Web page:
As long as I have been studying meteorology there have been wars among the various forecast models as to which model is the most accurate at forecasting named storm activity.  This war was brought into the public limelight after Hurricane Sandy in 2012, when the American Model [Global Forecast System (GFS)] falsely forecasted Sandy to track offshore, and the European ECMWF model correctly predicted Sandy to make landfall in New Jersey.  Just like the various hurricane products described above, the weather models themselves are under ongoing improvements.  One item to watch this hurricane season is the upgrade to the GFS model on July 12th.  As part of these upgrades, the NOAA asks forecasting divisions like the NHC to run performance tests.   Although the tests might suggest better temperature forecasts or precipitation forecasts for different areas of the globe, one area where the upgraded GFS shows deficient skill is with hurricane forecasting.   The report I have seen from the NHC suggests for the 2014-2016 retrospective runs, in comparison to the 2016 GFS model, the 2017 GFS showed a 9-10% degradation in track forecast skill at 48-72h in the Atlantic Basin.  In terms of intensity forecasting, the 2017 GFS showed degradations in intensity forecast skill at nearly every forecast interval out to 120 hours in the Atlantic Basin.  The new GFS model also indicated less run-to-run consistency.  It likewise showed little overall improvements in TC genesis forecasts for the Atlantic Basin.

Evaluation of the proposed 2017 GFS implementation done by the NHC in February 2017

Another troubling factor is that the GFS model will likely have other fallouts with the regional models, such as the HWRF and GFDL, and the statistical models such as the GFEX.

Here is the quote from the NHC about the upgrade to the GFS model:

“The loss of short- to medium-range TC track and intensity forecast skill for the Atlantic basin in the proposed 2017 GFS is unacceptable to the National Hurricane Center.  We are also concerned about the lack of testing of the downstream impact of the 2017 GFS on the regional hurricane models.  Therefore, we oppose this implementation.”

As the insurance industry watches all of the various hurricane forecast model runs to determine where a hurricane might track, it might be good to put a bit more weight in the ECMWF model this season.  However, the ECMWF will also be upgraded on July 11th and very few people know what these upgrades will do to its hurricane forecasting.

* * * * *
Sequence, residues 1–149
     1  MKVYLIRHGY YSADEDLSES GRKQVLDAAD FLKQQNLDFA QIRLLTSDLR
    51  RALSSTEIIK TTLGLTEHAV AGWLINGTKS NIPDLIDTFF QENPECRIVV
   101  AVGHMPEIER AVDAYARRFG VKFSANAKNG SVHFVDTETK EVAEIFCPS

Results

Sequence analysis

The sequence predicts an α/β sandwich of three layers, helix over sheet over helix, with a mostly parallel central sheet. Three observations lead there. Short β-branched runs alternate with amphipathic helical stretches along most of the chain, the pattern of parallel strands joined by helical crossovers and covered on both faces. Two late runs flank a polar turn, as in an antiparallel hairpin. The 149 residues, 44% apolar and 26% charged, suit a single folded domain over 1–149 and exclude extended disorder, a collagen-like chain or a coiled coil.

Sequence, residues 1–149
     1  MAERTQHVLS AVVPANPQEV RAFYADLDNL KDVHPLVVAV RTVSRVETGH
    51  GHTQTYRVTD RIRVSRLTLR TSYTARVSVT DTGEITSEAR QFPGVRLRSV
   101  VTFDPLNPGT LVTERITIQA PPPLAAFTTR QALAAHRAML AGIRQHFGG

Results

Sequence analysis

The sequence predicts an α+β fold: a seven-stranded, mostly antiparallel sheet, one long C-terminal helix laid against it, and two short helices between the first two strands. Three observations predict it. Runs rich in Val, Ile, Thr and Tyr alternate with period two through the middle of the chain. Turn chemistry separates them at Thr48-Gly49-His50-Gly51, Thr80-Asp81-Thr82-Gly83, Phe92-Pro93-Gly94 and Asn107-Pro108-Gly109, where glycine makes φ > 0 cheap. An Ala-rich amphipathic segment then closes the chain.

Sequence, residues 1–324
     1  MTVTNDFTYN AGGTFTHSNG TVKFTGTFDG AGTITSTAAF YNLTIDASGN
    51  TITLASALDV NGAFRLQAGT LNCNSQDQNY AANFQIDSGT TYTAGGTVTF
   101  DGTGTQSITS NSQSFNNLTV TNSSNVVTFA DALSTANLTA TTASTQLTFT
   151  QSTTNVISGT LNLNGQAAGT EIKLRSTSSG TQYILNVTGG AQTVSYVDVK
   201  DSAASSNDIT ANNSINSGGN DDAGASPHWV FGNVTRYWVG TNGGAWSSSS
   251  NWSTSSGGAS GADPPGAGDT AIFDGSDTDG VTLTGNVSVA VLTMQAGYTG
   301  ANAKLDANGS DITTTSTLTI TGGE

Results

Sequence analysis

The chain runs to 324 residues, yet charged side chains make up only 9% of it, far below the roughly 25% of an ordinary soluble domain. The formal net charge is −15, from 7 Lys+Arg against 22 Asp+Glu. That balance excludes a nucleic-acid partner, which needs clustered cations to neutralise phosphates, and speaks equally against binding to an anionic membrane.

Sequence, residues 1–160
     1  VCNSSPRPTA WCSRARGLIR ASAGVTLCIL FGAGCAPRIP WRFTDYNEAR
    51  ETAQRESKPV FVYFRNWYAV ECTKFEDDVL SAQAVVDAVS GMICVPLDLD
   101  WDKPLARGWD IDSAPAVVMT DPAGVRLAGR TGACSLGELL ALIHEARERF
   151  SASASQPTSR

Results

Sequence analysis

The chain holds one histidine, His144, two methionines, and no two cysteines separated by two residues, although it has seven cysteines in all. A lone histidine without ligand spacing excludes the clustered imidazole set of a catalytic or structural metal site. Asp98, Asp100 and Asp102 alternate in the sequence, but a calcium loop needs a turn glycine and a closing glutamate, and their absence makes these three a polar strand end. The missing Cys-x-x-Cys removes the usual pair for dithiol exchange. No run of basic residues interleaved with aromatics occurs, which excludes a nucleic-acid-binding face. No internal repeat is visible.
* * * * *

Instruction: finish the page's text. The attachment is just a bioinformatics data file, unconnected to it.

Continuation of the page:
Detail of this model upgrade can be found here:

http://www.emc.ncep.noaa.gov/gmb/noor/GFS2017/GFS2017.htm

May Tropical Update

Seasonal Hurricane Forecast Skill

Seasonal hurricane forecasts, with varying lead times, have been produced in the Atlantic basin since 1984 by the late Dr. Gray from Colorado State University (CSU).  Partly as a result of the early success of those forecasts, seasonal named storm forecasts are now a dime a dozen with many different research and operational groups making seasonal hurricane forecasts for tropical basins around the world.  Although there are some very brilliant minds making these forecasts, some might argue there has been little skill improvement over the last several years. The insurance industry is accustomed to using climatology to understand the risk of a U.S. landfalling hurricane.  This climatology also suggests, on average, the more active the overall Atlantic basin hurricane season is, the greater the probability of U.S. hurricane landfall which can be useful guidance to the insurance industry heading into the hurricane season. However, when it comes to seasonal landfall forecasts, really no skill has been demonstrated; this is ultimately what matters for the insurance industry.  In fact, there isn’t a forecast group that has skillfully predicted the current drought in major hurricane strikes over the last 11 years.

CSU Atlantic Basin wide hurricane forecasted and observed hurricanes with missed forecasted number shown.

CSU provides easy access to historical forecasts which allows for simple validation of there seasonal forecasts.  In a simple analysis, the CSU forecast has done fairly well with their April predictions when compared to using historic climatology (6.5 hurricanes per year) .  Fourteen CSU forecasts since 1995 have come within three hurricanes of the seasonal hurricane total in the Atlantic Basin.  On seven occasions, they have only missed the cumulative number by one.  They hit the mark in 2008.  Of course, CSU have posted a few wayward forecasts as well: 2005 (undershot the total by eight hurricanes) and 2012 (fell short by six hurricanes).

CSU Atlantic Basin wide major hurricane forecasted and observed hurricanes with missed forecasted number shown.

Regarding the major hurricane forecasts, CSU has made seven forecasts that failed to fall within two storms of the final tally. This should not obscure the fact that they’ve also posted four perfect forecasts of major hurricane occurrence and 13 others that approximated the seasonal total within one storm.